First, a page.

TCAM and CAM memory usage inside networking devices

As this is networking blog I will focus mostly on the usage of CAM and TCAM memory in routers and switches. I will explain TCAM role in router prefix lookup process and switch mac address table lookup. However, when we talk about this specific topic, most of you will ask: how is this memory made from architectural aspect? How it is made in order to have the capability of making lookups faster than any other hardware or software solution? That is the reason for the second part of the article where I will try to explain in short how are the most usual TCAM memory build to have the capabilities they have.

CAM and TCAM memory

When using Ternary Content Addressable Memory TCAM inside routers it’s used for faster address lookup that enables fast routing. In switches Content Addressable Memory CAM is used for building and lookup of mac address table that enable L2 forwarding decisions. By implementing router prefix lookup in TCAM, we are moving process of Forwarding Information Base lookup from software to hardware. When we implement TCAM we enable the address search process not to depend on number of prefix entries because TCAM main characteristic is that it is able to search all its entries in parallel. It means that no matter how many address prefixes are stored in TCAM, router will find the longest prefix match in one iteration. It’s magic, right?

CEF Lookup

Image 1 shows how FIB lookup functions and points to entry in adjacency table. Search process goes through all entries in TCAM table in one iteration.


In routers, like High-End Cisco ones, TCAM is used to enable CEF – Cisco Express Forwarding in hardware. CEF is building FIB table from RIB table (Routing table) and Adjacency table from ARP table for building pre-prepared L2 headers for every next-hop neighbor.

Solicited-node multicast address

Some time ago I was working on IPv6 implementation and in that period I wrote an article about NDP (you can read it here). After a while I received some comments that is not written very well so I reviewed a huge part of it. It looks my english was far worst two years ago that I was really aware of :)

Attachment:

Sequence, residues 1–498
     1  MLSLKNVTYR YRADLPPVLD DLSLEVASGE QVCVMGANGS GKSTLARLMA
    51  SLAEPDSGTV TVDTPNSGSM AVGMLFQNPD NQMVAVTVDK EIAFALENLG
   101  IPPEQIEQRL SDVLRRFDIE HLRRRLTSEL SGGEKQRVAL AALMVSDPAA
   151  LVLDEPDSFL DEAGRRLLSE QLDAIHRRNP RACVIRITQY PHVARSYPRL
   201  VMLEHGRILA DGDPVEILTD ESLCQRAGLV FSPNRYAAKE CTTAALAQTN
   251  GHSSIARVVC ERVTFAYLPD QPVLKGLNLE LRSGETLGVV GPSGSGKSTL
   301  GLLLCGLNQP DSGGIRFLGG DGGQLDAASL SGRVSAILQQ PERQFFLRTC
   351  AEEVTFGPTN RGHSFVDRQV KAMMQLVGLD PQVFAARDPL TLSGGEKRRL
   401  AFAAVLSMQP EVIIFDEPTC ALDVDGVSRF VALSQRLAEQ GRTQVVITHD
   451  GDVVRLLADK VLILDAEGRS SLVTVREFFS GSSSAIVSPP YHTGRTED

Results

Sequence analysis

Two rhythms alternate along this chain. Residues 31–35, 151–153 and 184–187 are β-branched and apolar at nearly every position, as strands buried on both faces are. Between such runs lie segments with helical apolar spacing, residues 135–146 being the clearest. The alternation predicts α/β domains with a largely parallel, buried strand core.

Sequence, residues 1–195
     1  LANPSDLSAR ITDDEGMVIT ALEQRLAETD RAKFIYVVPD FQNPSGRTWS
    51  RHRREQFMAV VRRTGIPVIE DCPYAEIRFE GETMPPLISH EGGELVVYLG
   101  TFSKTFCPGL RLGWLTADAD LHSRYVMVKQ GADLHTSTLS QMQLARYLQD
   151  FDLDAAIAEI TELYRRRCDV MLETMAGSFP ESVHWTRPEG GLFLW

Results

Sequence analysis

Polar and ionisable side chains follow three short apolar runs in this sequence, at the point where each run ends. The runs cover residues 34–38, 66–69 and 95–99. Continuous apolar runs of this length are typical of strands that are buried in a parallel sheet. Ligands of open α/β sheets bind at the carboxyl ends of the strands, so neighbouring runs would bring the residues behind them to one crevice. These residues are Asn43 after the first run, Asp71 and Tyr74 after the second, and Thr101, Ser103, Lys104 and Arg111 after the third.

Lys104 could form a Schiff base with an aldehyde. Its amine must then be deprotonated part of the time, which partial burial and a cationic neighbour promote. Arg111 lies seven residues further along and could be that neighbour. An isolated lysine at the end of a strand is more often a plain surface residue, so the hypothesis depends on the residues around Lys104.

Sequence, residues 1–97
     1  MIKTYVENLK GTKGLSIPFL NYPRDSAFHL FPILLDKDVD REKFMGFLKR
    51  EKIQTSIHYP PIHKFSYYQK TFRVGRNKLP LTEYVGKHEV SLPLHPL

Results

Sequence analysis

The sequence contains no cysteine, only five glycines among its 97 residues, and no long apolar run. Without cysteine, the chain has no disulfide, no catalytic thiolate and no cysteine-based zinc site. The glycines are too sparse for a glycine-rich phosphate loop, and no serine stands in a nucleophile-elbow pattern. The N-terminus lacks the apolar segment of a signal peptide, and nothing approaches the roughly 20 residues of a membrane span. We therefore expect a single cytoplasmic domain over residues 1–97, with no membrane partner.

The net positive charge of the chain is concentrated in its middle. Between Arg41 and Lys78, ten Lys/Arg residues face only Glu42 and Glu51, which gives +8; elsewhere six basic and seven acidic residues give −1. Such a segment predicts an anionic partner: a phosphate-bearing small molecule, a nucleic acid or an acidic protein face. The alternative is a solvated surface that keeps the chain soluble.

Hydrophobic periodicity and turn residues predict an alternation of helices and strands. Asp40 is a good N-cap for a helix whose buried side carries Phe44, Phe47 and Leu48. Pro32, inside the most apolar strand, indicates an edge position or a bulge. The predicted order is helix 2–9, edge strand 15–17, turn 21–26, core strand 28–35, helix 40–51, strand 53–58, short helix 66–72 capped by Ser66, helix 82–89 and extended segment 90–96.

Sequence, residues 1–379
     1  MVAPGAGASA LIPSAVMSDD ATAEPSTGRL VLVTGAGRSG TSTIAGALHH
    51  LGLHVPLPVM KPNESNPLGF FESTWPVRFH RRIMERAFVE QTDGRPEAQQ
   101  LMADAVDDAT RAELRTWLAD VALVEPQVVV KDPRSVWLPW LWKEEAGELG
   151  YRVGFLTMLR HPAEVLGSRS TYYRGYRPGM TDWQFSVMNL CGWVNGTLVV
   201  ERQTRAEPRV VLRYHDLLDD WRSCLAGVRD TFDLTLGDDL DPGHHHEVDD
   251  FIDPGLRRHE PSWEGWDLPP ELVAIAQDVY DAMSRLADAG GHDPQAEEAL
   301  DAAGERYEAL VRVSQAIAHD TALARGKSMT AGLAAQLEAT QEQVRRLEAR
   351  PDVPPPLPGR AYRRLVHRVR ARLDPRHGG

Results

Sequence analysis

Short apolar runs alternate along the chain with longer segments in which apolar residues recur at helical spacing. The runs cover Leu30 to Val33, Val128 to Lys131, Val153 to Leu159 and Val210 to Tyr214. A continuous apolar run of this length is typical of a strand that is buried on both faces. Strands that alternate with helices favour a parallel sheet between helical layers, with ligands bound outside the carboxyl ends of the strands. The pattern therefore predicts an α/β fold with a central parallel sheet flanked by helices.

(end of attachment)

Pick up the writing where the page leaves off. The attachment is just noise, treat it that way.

In the reviewing process I realised that NDP usage of Solicited-Node multicast addresses was not clearly explained. This is the follow-up article which should explain how and why Solicited-Node multicast address are used in NDP. After all this kind of multicast addresses are there to enable IPv6 neighbor discovery function of NDP to work properly.

Let’s go!

Solicited-node multicast address is IPv6 multicast address used on the local L2 subnet by NDP Network Discovery Protocol. NDP uses that multicast address to be able to find out L2 link-local addresses of other nodes present on that subnet.

NDP replaces ARP

As we know, NDP in IPv6 networks replaced the ARP function from IPv4 networks. In IPv4 world ARP used broadcast to send this kind of discovery messages and find out about neighbours IPv4 addresses on the subnet. With IPv6 and NDP use of broadcast is not really a good solution so we use special type of multicast group addresses to which all nodes join to enable NDP communication.

How can router decide so fast?

Cisco created all sorts of different magic inside their boxes that optimize forwarding processing of packets.

CEFMain router function is fairly self-explanatory. Router performs IP forwarding more often called IP routing. IP routing is process of deciding where to send the packet after it was received.




IP Routing explained in detail

Logic behind IP forwarding is listed in steps here with the assumption it will be an IPv4 packet that was received. This is process switching explained in 11 steps:

I became CCIE# 46173

This is the story on how I became CCIE# 46173

To be honest, when I look back, I do not really know the main reason behind going through all this trouble, but I can tell you the story about how I did it. It’s mostly a thriller, and some drama towards the end. I will give you an overview of the whole process including the materials used, videos watched, books read and struggles that I went through.

I think that is the right thing to do. This article is for all of you out there who are still trying to study for this exam and need some suggestions. One of the most important things for me was to gather others candidate experience and suggestions in making a good study plan and get the info about the books and stuff. This is also a perfect occasion to brag about passing the damn thing and write a bit about myself. On technology blog, this is a rare opportunity when is alright to write a self reflection.